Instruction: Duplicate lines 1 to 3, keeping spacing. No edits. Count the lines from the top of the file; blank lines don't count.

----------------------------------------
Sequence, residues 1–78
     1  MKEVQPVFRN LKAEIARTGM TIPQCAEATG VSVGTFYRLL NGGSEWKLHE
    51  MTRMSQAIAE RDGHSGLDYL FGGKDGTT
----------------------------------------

Sequence, residues 1–78
     1  MKEVQPVFRN LKAEIARTGM TIPQCAEATG VSVGTFYRLL NGGSEWKLHE
    51  MTRMSQAIAE RDGHSGLDYL FGGKDGTT